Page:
The vertical forces that act on the body are Lift and Gravity. Lift is the force acting on a body that results in the body moving up, which is typically caused by wing-like components. Gravity is the force of attraction towards the earth. The total force is the weight of the body, which is the product of mass and gravity (W=mg). Consider an airplane taking off… the combination of forces, specifically Lift (generated by wings) and Thrust (engines) helps move the aircraft above the runway and ascend. If you look at space shuttle launches, there is only a Lift force, as the shuttle has to take off or “Lift off” in a straight path. Therefore, the result of these four forces determines how the body moves in the air.
In the case of proximity flying, the suit’s aim is to generate a certain amount of Lift, thus reducing the rate at which the diver falls. The required path of flight for the diver is the blue arrow on the image. The shape of the suit, after inflating, helps to reduce the drag of the diver.
Turning in Wingsuits
Now, let’s look at how a body turns in midair. As kids, when we were running around the ground pretending to fly, every time we made a turn, we would show this by tilting our arms. Of course, we were trying to copy the movement of birds or planes, but why do we do that? To understand this, we’ll consider the example of a bird.
When the bird tilts its wings, a centripetal force, a force pushing a body in a circular path, is generated. Due to the change in position of the wings, the lift force changes direction, acting in a perpendicular angle to the bird’s wings. The result of these force shifts is that the body move toward the sides.
Similarly, a wingsuit diver can steer himself through the air by tilting his or her body like a bird’s wing. As there will be more force on the lower side on the surface of the suit, the diver will be pushed towards the side , enabling him or her to turn. The physical movement speed of the body will determine the rate at which the body moves.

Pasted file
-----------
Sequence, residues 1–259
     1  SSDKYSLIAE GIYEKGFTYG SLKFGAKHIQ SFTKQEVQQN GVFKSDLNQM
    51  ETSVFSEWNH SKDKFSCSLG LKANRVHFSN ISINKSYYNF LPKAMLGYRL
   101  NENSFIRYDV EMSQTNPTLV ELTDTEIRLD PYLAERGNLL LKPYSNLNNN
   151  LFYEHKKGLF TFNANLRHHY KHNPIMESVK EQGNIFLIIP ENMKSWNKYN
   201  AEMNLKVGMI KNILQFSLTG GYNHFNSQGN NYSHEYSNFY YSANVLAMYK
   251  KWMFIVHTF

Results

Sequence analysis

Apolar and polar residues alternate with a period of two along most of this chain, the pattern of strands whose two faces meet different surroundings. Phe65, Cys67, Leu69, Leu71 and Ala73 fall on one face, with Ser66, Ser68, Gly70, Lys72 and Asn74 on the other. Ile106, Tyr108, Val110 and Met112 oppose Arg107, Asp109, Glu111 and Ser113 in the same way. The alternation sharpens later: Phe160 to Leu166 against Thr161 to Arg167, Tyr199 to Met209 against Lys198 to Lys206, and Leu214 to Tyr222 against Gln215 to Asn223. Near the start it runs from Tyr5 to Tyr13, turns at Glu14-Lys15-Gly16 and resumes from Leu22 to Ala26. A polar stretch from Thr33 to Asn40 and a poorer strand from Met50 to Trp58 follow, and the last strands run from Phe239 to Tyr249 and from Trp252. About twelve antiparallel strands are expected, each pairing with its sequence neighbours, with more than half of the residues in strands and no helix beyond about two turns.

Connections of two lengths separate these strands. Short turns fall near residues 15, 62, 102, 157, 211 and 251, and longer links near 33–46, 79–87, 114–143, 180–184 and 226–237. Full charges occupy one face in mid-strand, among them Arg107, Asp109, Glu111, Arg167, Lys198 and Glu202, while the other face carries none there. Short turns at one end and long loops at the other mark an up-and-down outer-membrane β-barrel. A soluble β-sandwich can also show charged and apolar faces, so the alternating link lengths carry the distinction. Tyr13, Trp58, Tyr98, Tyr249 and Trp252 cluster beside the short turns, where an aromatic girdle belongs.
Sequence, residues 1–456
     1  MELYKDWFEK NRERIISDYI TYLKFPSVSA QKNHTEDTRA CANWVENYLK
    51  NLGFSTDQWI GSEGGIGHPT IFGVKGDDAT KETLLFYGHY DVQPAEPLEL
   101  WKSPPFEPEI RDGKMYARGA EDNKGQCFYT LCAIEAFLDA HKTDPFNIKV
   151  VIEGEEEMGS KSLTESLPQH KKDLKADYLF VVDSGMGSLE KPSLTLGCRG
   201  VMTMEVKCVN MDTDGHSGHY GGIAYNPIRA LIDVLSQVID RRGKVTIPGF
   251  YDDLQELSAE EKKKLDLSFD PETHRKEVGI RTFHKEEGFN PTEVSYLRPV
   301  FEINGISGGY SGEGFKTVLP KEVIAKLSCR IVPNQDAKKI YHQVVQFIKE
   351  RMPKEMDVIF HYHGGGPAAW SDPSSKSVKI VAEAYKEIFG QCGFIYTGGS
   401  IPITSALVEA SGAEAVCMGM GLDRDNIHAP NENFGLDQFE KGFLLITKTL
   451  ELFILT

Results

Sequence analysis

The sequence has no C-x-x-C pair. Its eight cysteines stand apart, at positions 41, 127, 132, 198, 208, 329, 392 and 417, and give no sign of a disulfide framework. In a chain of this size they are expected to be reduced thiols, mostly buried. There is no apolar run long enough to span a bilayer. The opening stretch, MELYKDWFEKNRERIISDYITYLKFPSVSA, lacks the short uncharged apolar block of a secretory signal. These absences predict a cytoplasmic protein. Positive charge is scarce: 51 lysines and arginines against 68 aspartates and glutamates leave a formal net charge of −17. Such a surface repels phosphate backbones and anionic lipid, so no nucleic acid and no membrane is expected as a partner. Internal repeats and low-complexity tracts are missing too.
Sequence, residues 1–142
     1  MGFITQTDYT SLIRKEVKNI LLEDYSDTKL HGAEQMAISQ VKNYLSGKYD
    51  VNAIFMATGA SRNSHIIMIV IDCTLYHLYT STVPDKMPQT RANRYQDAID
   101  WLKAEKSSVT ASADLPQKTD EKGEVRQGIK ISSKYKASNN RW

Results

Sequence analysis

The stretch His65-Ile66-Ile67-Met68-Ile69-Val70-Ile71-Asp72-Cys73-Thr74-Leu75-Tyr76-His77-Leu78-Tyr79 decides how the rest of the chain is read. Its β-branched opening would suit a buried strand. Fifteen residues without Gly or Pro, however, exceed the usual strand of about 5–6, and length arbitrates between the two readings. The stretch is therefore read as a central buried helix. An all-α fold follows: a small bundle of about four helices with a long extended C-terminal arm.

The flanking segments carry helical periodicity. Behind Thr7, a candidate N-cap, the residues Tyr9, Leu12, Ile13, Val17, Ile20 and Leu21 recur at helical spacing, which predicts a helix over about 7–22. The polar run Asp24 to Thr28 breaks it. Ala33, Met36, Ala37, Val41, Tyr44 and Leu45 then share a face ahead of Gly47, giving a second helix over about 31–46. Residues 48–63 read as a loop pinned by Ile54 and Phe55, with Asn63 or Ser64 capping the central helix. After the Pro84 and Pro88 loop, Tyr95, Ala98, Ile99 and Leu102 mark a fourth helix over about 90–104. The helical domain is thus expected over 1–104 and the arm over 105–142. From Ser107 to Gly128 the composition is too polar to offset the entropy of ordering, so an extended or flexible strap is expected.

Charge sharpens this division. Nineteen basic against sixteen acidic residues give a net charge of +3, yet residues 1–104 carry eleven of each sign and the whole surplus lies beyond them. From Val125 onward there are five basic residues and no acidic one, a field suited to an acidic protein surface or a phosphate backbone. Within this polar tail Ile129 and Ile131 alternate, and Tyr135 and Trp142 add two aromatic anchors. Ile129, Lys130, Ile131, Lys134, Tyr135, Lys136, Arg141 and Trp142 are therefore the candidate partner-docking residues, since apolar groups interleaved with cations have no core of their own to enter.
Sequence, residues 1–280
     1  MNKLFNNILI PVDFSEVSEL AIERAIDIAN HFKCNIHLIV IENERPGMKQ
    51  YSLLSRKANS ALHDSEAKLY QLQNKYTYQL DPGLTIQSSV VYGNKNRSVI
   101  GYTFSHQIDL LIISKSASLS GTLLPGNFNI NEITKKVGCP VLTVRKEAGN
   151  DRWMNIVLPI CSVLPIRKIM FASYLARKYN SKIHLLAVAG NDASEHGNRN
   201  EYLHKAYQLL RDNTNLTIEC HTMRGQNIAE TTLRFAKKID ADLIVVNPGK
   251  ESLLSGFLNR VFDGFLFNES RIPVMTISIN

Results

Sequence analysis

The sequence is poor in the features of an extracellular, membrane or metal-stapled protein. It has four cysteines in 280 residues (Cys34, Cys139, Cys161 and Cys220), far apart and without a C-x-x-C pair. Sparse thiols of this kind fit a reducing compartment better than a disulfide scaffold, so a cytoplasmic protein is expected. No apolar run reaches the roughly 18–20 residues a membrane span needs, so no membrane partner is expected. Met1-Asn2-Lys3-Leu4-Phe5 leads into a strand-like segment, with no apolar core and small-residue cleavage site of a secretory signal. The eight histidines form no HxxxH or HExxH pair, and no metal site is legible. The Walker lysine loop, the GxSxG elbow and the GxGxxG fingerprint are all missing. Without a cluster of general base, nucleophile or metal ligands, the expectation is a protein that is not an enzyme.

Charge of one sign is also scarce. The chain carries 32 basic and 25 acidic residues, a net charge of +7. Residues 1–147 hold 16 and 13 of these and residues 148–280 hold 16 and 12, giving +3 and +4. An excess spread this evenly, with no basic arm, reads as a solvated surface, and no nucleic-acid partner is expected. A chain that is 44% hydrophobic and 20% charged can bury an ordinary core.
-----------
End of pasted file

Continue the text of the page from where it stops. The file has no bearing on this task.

Can We Land like The Batman?
One major flaw in the quest to glide like Batman appears during the landing phase. Researchers have discovered that even though we might be able to glide like Batman, landing will be a major problem. The force that would be exerted on a body while landing is fatal. In other words, if there was a real Batman, he wouldn’t be able to land as we see him do in movies or games. Robin’s got a point… However, that issue was not going to stop enthusiasts in the real world from coming up with a solution. The force at which the diver lands is a problem, so we have to provide enough cushion to absorb that force.
Despite the dangers, two men know a thing or two about landing safely without the help of a parachute. British stuntman Gary Connery safely landed in a wingsuit without landing on a crushable landing zone built from thousands of cardboard boxes. Another guy, Raphael Dumont, landed on a river. While doing this type of high-risk landing, it is important to ensure that the diver comes to the ground at a highly acute angle, just like an aircraft does, to reduce the impact while landing.
Although we still can’t glide from building-to-building, burst through windows, or safely land on the tops of cars, we can definitely soar through the skies like “The Dark Knight”!
- Wingsuit Flying – WIkipedia
- Actuated Wingsuits – Institute for Dynamic Systems and Control
- Wing-Suits: Humans Surpassing Animals in Flight – The Boston University Community